Chicago Theatre Review
Unchained and Scary
Ghost: the Musical
Blinding, flashing lights, astonishing special effects, loud electronic music that often drowns out the singers, but very little substance…that’s what most audience members will take from this production. After being subjected to more than two hours of overkill, in-your-face theatrics, this beautiful love story that even defies death is all but lost in its stage adaptation. Audience members who loved the romantic 1990 fantasy-thriller film that starred Patrick Swayze, Demi Moore and Whoopi Goldberg will find the story vaguely familiar. However thanks to Bruce Joel Rubin’s bland script adaptation and the frenetic Dave Stewart/Glen Ballard pop score (in which the Righteous Brothers’ love theme from the movie, “Unchained Melody,” is the highlight), there’s not much improvement to the original. And why should there be? In an era of unoriginal, adapted-from-a-popular-movie Broadway musicals, “Ghost” is yet another example that begs the question, “Why did someone think this was a good idea?” Add to this a visual assault of projections and blinding lights and patrons unfamiliar with the movie will wonder what’s the big deal? Throw in a young, mostly inexperienced non-Equity cast of performers and you have a recipe for certain disappointment.
When this production opened in London in 2011 it received mixed reviews but played a respectable 500 performances, primarily owing to the film’s devoted fans. The 2012 Broadway production didn’t fare nearly as well made it understandable why only a non-union touring production followed.
Steven Grant Douglas and Katie Postotnik work hard to make Sam and Molly, the two leading characters, as strong and believable as possible. But they’re thwarted at every turn by musical accompaniment that often drowns out what they’re singing, dancers who upstage them while flailing around to Ashley Wallen’s puzzlingly spastic choreography and a battery of moving projected images playing over their scenes. In an attempt to rise above the level of frenzy found in this production, Ms. Postonik’s vocals are often strained and painful-sounding. Bobby Haltiwanger does a creditable job as the movie’s main villain, Carl; and Brandon Curry’s Subway Ghost provides one of the show’s best moments. The play’s much welcomed comic relief is provided by Carla R. Stewart as Oda Mae Brown, the African-American pseudo psychic who reluctantly becomes Sam’s spokesperson after he’s killed. But even Ms. Stewart’s welcome presence can only do so much for this musical; and, directed by Matthew Warchus to overplay her role to the point of caricature, the audience soon tires of her over-the-top portrayal.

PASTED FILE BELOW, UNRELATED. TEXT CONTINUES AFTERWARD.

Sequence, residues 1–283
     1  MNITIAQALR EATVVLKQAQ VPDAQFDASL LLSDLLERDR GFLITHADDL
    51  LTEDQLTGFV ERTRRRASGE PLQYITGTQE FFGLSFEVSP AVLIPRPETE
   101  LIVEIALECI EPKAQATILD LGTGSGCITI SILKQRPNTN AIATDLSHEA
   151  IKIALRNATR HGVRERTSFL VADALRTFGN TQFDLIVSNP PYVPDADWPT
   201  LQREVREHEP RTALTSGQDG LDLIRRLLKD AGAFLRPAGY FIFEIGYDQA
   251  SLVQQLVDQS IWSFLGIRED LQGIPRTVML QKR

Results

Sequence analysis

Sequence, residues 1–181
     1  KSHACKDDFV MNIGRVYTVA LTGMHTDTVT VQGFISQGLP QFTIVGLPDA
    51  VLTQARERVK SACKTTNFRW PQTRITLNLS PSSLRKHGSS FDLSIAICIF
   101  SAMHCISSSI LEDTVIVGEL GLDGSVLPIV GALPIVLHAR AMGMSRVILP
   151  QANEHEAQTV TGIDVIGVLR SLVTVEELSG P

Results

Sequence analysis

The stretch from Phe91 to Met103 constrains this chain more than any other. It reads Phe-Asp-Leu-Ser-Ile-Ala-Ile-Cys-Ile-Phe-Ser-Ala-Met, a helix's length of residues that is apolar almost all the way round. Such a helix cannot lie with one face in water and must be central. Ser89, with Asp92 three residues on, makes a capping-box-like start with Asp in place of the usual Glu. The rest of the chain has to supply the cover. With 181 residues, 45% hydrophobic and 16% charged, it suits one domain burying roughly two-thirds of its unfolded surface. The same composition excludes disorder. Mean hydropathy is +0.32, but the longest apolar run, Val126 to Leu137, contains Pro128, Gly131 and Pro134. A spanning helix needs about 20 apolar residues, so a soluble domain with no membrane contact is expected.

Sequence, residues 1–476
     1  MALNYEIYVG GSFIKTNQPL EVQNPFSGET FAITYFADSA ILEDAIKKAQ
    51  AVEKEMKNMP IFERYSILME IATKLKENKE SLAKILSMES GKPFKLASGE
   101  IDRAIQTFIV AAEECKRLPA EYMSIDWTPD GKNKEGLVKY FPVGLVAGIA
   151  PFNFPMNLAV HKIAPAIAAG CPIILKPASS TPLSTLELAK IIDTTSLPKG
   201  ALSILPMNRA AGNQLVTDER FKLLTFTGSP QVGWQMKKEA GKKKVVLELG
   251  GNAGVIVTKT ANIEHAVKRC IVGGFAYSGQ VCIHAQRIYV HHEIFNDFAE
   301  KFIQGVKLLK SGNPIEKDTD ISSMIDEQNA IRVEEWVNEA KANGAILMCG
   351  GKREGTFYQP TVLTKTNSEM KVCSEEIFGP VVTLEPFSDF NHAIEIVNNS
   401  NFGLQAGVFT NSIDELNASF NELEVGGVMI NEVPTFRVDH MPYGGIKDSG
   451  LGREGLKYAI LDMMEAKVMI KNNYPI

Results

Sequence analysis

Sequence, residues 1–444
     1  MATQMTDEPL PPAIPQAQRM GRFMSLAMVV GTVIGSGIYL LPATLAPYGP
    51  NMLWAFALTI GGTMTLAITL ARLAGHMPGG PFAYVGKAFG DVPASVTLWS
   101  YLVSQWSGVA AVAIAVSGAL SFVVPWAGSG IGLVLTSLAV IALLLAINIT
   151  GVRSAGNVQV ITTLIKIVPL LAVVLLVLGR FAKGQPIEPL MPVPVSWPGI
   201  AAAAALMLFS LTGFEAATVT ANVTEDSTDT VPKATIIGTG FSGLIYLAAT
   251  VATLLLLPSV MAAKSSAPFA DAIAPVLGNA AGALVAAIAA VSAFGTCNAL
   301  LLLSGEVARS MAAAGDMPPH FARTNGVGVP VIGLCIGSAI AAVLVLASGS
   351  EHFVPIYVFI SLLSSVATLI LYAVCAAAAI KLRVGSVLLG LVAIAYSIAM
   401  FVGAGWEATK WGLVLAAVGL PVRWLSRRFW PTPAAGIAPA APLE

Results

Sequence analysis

The only reason to see this production, which certainly doesn’t warrant its high ticket prices, are the special effects. Characters levitate, fly offstage and even walk through doors; objects levitate and glide around the stage; rain falls and umbrellas descend from the sky. Even New York’s cityscape soars toward the audience at breakneck speed making you feel like you’re on a runaway Disney World ride. If your idea of good theatre is bigger, louder, faster you’ll enjoy yourself; for those looking for a musical with pleasant, hummable songs, beautiful choreography and interesting characters honestly telling a memorable story, you might want to look elsewhere. Or better still, just rent the movie.
Reviewed by Colin Douglas
Presented Jan. 8-19 by Broadway in Chicago at the Oriental Theatre, 24 W. Randolph, Chicago.
Tickets are available at the box office, by calling Chicago Ticket Line at 800-775-2000 or by visiting
Additional information about this and other area productions can be found at www.theatreinchicago.com.